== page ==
Consumer Law at Your Fingertips

Food Safety & Labeling

Food Adulteration

Wisconsin statutes section 97.10 prohibits the sale of adulterated food (as defined in Wisconsin Statutes section 97.02). A food may be adulterated if, for example, any of the following apply:

  • It contains an added poisonous or deleterious substance that may make the food injurious to health, or that is not necessary for food production.
  • It contains enough of a poisonous or deleterious substance (added or not) to make the food normally injurious to health.
  • It contains any added substance that is considered “unsafe” under the federal food, drug and cosmetic act, or that is present at levels considered “unsafe” under the federal act. The federal Food and Drug Administration publishes a list of substances “generally recognized as safe” (the GRAS list), but a substance is not necessarily considered “unsafe” merely because it is not included on the GRAS list.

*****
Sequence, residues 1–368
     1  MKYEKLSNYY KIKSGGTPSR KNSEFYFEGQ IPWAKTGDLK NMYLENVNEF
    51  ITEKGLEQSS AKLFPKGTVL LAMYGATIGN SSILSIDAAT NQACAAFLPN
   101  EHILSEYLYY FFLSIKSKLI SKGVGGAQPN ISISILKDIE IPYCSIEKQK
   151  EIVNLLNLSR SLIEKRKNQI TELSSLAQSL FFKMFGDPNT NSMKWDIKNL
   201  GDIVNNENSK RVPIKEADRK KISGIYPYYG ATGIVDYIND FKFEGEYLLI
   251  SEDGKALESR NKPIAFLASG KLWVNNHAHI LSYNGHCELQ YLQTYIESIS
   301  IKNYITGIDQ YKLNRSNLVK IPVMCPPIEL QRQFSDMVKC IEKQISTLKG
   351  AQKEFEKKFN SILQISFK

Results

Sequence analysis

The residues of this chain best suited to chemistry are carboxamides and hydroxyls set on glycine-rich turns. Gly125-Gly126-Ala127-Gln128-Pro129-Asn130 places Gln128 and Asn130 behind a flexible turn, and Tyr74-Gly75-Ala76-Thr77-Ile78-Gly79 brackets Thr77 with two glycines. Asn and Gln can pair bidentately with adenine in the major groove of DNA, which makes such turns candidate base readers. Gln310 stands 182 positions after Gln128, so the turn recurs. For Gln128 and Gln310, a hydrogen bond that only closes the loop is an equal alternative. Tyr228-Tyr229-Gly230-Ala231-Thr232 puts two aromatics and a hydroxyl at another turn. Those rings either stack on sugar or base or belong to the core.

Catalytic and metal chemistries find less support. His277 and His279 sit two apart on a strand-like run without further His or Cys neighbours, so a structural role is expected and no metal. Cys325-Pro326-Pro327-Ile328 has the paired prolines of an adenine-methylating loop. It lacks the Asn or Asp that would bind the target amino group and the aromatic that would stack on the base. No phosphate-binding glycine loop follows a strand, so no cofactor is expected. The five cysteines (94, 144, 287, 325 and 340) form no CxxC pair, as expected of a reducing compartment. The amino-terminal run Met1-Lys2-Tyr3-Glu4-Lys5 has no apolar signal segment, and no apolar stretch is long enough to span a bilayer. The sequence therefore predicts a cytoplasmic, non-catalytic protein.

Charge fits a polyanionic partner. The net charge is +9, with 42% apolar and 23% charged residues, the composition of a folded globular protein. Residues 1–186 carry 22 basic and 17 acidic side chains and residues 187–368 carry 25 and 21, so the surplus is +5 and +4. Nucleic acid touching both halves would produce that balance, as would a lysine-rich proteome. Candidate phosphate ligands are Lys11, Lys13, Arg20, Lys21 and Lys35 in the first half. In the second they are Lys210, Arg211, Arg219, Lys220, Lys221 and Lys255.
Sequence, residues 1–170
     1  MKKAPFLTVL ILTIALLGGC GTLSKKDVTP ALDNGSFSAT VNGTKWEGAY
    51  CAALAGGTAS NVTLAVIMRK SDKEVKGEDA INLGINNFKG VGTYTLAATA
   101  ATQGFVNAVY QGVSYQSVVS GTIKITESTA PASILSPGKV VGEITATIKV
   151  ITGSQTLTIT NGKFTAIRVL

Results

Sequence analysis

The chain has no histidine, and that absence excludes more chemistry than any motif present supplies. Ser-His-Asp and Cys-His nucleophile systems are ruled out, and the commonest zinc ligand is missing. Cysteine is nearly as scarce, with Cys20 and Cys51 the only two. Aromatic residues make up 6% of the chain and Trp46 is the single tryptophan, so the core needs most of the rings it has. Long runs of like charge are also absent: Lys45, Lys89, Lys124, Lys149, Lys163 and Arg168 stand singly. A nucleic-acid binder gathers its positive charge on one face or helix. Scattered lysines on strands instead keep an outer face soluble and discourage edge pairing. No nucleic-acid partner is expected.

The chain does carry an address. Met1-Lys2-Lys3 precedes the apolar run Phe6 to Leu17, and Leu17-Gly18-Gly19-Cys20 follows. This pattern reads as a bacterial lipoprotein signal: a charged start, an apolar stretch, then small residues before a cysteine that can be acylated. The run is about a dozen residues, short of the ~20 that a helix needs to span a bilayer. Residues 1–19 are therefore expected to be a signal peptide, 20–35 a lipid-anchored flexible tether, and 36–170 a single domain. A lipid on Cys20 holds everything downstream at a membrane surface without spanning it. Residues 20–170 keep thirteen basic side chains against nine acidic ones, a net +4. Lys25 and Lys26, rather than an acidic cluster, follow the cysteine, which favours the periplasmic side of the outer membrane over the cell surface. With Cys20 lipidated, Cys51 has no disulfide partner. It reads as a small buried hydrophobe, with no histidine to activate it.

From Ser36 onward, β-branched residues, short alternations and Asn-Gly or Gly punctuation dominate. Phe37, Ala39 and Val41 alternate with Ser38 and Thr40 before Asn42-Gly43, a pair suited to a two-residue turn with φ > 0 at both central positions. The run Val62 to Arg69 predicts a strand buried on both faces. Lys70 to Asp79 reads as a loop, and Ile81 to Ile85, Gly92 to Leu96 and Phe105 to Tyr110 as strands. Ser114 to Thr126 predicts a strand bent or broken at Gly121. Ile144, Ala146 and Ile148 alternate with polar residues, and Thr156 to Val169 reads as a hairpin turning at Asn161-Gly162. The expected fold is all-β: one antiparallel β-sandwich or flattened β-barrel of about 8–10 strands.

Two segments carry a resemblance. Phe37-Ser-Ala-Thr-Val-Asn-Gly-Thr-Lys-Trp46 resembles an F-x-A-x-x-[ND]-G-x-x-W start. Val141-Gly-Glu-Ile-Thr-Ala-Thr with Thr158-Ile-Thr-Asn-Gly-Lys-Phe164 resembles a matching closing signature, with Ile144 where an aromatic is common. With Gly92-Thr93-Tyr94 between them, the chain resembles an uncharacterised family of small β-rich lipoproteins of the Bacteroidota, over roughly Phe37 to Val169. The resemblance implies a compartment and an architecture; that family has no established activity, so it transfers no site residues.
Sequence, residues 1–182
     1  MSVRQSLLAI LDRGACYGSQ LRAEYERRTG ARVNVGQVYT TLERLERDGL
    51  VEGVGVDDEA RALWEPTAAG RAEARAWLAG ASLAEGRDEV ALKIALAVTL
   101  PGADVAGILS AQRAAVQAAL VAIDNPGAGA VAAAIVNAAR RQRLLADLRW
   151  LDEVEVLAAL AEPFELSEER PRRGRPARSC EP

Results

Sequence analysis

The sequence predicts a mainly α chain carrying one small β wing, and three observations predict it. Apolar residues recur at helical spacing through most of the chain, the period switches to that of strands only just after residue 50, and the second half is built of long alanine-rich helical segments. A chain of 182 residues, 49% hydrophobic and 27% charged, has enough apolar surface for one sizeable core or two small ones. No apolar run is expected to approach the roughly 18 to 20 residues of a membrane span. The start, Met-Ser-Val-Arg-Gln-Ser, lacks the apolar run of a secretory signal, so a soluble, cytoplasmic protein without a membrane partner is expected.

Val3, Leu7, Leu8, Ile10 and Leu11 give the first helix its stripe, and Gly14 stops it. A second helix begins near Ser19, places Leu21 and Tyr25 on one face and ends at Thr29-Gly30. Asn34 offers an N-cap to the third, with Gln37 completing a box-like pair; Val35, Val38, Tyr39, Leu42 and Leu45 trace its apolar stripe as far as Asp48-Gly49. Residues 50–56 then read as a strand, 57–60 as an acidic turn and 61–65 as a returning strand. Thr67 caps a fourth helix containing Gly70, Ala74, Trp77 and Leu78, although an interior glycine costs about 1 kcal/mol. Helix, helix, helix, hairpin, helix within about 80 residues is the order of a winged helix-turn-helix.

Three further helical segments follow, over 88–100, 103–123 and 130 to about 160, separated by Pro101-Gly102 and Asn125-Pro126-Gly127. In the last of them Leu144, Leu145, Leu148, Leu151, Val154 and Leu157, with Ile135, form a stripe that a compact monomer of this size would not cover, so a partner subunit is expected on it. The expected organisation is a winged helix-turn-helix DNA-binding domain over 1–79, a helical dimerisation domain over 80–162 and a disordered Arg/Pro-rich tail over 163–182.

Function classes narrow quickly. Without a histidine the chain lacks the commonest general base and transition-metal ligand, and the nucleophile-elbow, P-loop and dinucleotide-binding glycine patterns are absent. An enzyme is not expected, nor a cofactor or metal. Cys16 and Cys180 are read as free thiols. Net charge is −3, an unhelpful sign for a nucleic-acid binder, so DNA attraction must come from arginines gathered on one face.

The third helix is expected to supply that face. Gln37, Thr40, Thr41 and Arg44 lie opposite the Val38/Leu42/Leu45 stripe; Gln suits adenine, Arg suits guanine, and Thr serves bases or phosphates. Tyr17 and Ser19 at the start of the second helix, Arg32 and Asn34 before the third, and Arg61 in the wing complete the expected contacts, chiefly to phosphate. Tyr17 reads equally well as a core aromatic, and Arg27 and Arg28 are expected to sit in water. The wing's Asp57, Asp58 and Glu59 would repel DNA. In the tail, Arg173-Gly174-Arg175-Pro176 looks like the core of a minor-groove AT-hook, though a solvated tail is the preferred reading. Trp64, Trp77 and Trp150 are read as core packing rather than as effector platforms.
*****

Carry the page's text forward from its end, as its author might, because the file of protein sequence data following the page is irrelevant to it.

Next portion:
• It contains any diseased, contaminated, filthy, putrid or decomposed substance or is otherwise unfit for food.
  • It has been produced, prepared, packed, or held under unsanitary conditions that may have caused it to become contaminated, diseased, unwholesome or injurious to health.
  • It is the product of a diseased animal, or an animal that died other than by slaughter.
  • Its packaging contains any poisonous or deleterious substance that may make the food injurious to health.
  • The seller misrepresents the food contents, directly or by implication.

DATCP may issue holding orders to stop the sale of adulterated food, or to prevent the sale of suspect food pending further testing. DATCP may also suspend licenses or initiate court enforcement proceedings against sellers of adulterated food. See Wisconsin Statutes section 93.06 and chapter 97.